Trades cannot be announced officially until the new league year starts Wednesday, but Washington will want to complete the deal before talking to other teams’ free agents Monday. One person with knowledge of the situation said Keenum also must pass a physical before the trade can be completed.
Keenum is not the big-name quarterback many expected the Redskins to chase this spring, but with the team not expecting franchise quarterback Alex Smith to play in 2019 — or perhaps ever again — after a compound fracture in his leg and multiple surgeries for infection, Washington needs someone to compete with Colt McCoy for the starting job. By trading for a quarterback who has started 54 games in his career, the Redskins get a one-year rental at a bargain price, freeing them to take a quarterback in next month’s draft who can be developed while Keenum or McCoy start.
The Redskins are projected to have $18.7 million of salary cap space available, according to the website Over The Cap, but with Keenum making just $3.5 million, the team won’t have to dedicate too much extra cap room to one position. Washington is expected to free up more cap room by releasing some players or signing others, such as guard Brandon Scherff, to extensions.
Keenum, 31, has been an NFL journeyman, playing for four teams in seven years following a collegiate career that saw him throw for more than 5,000 yards three times at the University of Houston. His best season was in 2017, when he threw for 3,547 yards and 22 touchdowns with seven interceptions for Minnesota, leading the Vikings to the NFC championship game. He probably is remembered best for the game-winning touchdown pass he threw to Stefon Diggs with 10 seconds remaining in a playoff victory over New Orleans.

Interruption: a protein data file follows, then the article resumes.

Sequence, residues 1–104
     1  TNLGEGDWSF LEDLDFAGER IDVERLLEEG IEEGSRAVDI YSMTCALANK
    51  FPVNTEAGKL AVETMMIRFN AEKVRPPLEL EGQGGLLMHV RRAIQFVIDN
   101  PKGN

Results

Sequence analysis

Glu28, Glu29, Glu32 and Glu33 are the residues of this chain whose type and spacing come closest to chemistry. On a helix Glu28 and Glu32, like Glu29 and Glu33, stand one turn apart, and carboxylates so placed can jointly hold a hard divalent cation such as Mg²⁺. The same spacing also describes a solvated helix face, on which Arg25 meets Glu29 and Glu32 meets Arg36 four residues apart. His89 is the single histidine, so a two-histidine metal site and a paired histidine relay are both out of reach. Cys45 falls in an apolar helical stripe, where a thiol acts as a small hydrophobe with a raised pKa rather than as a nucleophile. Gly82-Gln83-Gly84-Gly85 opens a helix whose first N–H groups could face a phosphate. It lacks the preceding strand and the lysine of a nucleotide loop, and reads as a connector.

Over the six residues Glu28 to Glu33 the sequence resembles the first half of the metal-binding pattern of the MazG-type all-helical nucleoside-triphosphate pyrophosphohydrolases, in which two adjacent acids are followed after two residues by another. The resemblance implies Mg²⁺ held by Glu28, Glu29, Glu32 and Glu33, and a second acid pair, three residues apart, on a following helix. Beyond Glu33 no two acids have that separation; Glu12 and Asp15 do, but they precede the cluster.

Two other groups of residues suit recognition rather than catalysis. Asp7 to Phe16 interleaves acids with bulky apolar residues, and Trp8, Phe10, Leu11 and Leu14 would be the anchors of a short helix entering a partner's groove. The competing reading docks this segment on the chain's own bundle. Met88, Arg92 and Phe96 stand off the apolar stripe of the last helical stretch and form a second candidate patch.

He signed a two-year, $36 million contract with the Broncos last winter and threw for 3,890 yards but had just 18 touchdown passes and was intercepted 15 times. His 81.2 passer rating was 29th in the NFL —. one place below Baltimore’s Joe Flacco, for whom the Broncos traded a fourth-round draft pick to acquire last month, essentially replacing Keenum.
Multiple people with knowledge of the situation said the Redskins attempted to trade for Flacco, forcing the Broncos to move quickly to make a deal with Baltimore. Washington President Bruce Allen has said the team did not try to acquire Flacco. Keenum was replaced in Minnesota by former Redskins quarterback Kirk Cousins, who signed an $84 million deal with the Vikings after Washington traded for Smith.
Redskins Coach Jay Gruden is fond of McCoy and always has felt the quarterback had the ability to be an excellent starter in the NFL. But injuries have derailed several of McCoy’s starting opportunities, the most recent coming in November before he broke his leg in his second start after Smith’s injury. McCoy is expected to be ready for offseason workouts and minicamps.
We are "always looking for competition, for sure,” Gruden said at the NFL Scouting Combine last week when asked about bringing in another quarterback. “Colt had a great opportunity last year when Alex went down. Unfortunately, he got hurt. Everybody knows that the organization feels good about Colt if he’s the starter, but competition is very good, especially at the quarterback position.”
The Redskins pick 15th in next month’s draft, which is expected to be too low to select Oklahoma’s Kyler Murray or Ohio State’s Dwayne Haskins, the top two rated passers in the draft. Most of the other top prospects are seen as at last a year away from starting. With McCoy and Keenum on the roster, Washington has time to develop a young quarterback while remaining competitive.
Keenum was undrafted despite his gaudy numbers at Houston, signing a deal with the Houston Texans in 2012. He started 10 games over two years with the Texans before being traded to the Rams in 2015. He was the Rams starter for parts of two seasons as the team moved from St. Louis to Los Angeles, eventually losing his job to Jared Goff, who was the top pick of the 2016 draft.
His breakthrough season came in 2017 in Minnesota when he replaced an injured Sam Bradford in Week 2 and led the Vikings to a 13-3 record. His coach in Minnesota, Mike Zimmer, worked with Gruden when the two were coordinators in Cincinnati.
The NFL Network was the first to report the Keenum trade, and Mike Klis of Denver 9 was the first to report the salary details.
Mark Maske contributed to this report.